Quite the opposite.
Imagine their surprise when G grabbed his floaty and jumped off the side of the boat into the midnight waters to swim with his daddy-o.
Our family are the bookends of this boat. Mr. King and myself are part of the older crowd, while G & Miss I are the youngest. There’s Marc from Spain who has such a sexy accent I have to suppress a giggle every time he talks. (He was actually the oldest and on his last ‘adventure’ before he settles down to have his own kids.) And the rest were 20 something backpackers from all around the world making their way around SE Asia, experiencing different cultures and opening their horizons.
Day 2 – Gili Moyo
We woke up this morning to bio-luminescent jelly fish, tiny ones, flashing blue specks in the water. A quick breakfast of french toast and bananas and we jumped into the waters to swim to the shores of Gili Moyo. We hiked on this deserted island to a beautiful fresh water waterfall.The fresh spring water was constantly forming stalagmites. As we sat on the edge of the flat rocks, G pulled a leaf that was stuck against the wall and was starting to have rock form around it.
The girls washed their hair and showered in the fresh water, the only fresh water shower we would have the entire four days. Did it matter much though since we had to jump into the ocean to swim back to the boat? Not sure, but it was fun to act like we were in a 1980’s sexy shampoo commercial for Pert.
We snorkeled in the deep waters and saw octopus, nemo clown fish, huge blue starfish and abundant, alive coral.
We hiked to a salt water lake that was too warm to swim in and feel comfortable. But the lack of noise was incredible and the surrounding greenery of the steep hills made the lake a peaceful giant.
Day 3 – Gili Laba, Pink Beach & Komodos
Mountain Climb on Gili Laba
The morning of day 3 was near perfect blue sky and abundant sunshine. We anchored at a most beautiful spot surrounded by lush islands. Our plan for the early morning was to climb the highest point on Gili Laba. That’s it right in this photo:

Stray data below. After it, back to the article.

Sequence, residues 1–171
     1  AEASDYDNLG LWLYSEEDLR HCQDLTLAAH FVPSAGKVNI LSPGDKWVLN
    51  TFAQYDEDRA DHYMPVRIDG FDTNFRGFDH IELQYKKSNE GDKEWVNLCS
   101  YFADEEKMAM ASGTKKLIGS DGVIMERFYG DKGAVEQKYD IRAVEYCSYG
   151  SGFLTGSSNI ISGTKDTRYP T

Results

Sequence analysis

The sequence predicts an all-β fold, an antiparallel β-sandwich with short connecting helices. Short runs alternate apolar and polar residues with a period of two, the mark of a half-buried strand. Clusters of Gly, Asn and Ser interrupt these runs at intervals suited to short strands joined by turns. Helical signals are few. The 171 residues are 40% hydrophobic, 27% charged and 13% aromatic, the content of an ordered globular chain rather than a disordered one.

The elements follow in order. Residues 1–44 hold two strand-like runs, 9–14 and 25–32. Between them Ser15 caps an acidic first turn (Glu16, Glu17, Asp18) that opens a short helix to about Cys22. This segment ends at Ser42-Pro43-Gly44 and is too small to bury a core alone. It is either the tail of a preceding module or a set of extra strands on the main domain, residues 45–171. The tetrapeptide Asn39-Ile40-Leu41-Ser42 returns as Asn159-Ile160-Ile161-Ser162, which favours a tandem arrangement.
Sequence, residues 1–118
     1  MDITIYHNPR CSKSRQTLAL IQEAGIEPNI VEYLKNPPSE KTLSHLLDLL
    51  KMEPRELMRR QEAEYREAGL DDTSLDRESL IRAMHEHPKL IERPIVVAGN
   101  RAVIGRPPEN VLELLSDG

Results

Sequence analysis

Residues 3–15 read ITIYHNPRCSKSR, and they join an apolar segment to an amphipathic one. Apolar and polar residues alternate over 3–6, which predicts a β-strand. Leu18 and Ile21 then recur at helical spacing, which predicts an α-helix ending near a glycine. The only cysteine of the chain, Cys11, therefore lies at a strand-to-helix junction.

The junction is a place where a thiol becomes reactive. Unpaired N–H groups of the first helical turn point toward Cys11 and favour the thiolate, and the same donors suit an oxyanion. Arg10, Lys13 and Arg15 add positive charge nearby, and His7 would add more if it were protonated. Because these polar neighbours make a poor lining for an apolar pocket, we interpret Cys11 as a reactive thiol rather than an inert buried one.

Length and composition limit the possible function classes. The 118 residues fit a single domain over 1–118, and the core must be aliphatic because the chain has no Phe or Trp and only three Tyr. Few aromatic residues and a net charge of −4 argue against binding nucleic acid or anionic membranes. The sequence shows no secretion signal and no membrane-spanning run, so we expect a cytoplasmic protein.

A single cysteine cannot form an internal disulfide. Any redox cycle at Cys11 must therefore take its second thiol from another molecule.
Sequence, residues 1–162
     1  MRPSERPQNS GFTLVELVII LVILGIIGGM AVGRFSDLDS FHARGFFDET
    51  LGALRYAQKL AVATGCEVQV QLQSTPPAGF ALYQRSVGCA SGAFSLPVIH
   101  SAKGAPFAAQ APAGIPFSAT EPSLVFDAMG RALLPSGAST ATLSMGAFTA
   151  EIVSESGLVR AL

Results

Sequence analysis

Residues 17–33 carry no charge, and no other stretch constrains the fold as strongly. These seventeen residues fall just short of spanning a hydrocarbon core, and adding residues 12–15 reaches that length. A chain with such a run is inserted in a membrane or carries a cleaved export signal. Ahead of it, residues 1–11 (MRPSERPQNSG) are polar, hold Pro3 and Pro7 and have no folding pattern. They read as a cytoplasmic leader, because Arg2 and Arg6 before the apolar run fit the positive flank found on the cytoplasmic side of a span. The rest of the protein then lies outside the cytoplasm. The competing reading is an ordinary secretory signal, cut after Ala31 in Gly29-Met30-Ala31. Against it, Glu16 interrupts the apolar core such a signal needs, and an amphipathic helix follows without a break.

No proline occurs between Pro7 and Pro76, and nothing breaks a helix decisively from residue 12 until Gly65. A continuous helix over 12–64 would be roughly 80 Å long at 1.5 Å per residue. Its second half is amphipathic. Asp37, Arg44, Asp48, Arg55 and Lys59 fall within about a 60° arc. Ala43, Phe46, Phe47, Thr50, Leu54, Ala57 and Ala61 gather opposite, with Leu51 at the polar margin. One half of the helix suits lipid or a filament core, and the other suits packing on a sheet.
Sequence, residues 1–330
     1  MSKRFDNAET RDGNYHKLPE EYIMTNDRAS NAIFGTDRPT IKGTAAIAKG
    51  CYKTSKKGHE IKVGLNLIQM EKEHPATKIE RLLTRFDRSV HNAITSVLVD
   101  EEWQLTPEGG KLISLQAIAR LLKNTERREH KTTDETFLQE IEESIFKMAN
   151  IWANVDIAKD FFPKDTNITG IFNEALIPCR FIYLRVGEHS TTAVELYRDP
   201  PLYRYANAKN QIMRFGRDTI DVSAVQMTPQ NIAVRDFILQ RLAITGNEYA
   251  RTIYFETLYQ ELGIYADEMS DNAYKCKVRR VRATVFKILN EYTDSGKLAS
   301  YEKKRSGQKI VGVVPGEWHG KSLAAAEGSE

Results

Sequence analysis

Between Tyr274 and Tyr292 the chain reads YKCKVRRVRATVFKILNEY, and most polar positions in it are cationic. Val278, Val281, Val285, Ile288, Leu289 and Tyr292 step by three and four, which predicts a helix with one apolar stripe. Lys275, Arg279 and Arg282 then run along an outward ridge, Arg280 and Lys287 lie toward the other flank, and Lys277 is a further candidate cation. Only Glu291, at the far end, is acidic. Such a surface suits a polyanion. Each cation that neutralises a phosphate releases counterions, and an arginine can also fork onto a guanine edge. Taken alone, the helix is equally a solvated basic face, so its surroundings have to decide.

It was a steep climb. Mr. King and I each had an extra 30 lbs of child to carry. I was dripping with sweat, soaked halfway up the mountain. Miss I, balanced on my arms, says “Mama, you look like you jumped in the ocean” and then she licks me “mmm. Salty.” My heart was pounding, but my legs remained strong and steady, safely maneuvering the rocks on the way up and, more importantly, down.
It was worth it.
There were dolphins playing in this water. We pose for a family picture, tricking G into looking at the camera with shouts of “Hey look! Nick has candy!” It worked, but only for one shot.Let me tease you more with our view:
We rested in the waters below, cooling off before sailing 1 1/2 hours to Pink Beach. We had lunch and anchored for a three hour snorkeling session.
Miss I had been looking forward to this beach since we told her the sand was pink. She loves everything pink!
We just jumped into the water and snorkeled our way to shore, Miss I swimming the entire length by herself without floaties. We even followed a turtle for a few minutes, her hand outstretched pointing to it the entire way, so I wouldn’t lose it. She’d come up for air and yell “Daddy, here’s the turtle!” with enthusiasm. I am constantly amazed at her swimming ability. She’s only 2 and can out-snorkel adults!
Pink Beach is gorgeous. It doean’t look pink until you get right upon it. The sand looks pink because of all the red coral bits in it. When the water laps up to shore, the mixing of water and sand makes for a pink wave. It’s beautiful and Miss I thought it to be the best ever!
G tunneled his way in the sand, while Marc and I snorkeled around the cliffs. There was such abundant and varied coral life. We brought back a bunch of stuff for the kids to see: a hollowed out crab shell with it’s eyes still attached, a weird looking conch-like shell that was empty (well…we thought it was empty. We brought it back to the boat to show everyone when the sickest creature poked it’s head out. One of the guys mentioned its extremely poisonous. We laughed at our ignorance! Please don’t take anything out of the ocean!)
Trekking with Komodo Dragons
A short 15 minute sail from Pink Beach brought us to the commercial entrance of Komodo National Park…coming up next post about Hiking with Komodo Dragons.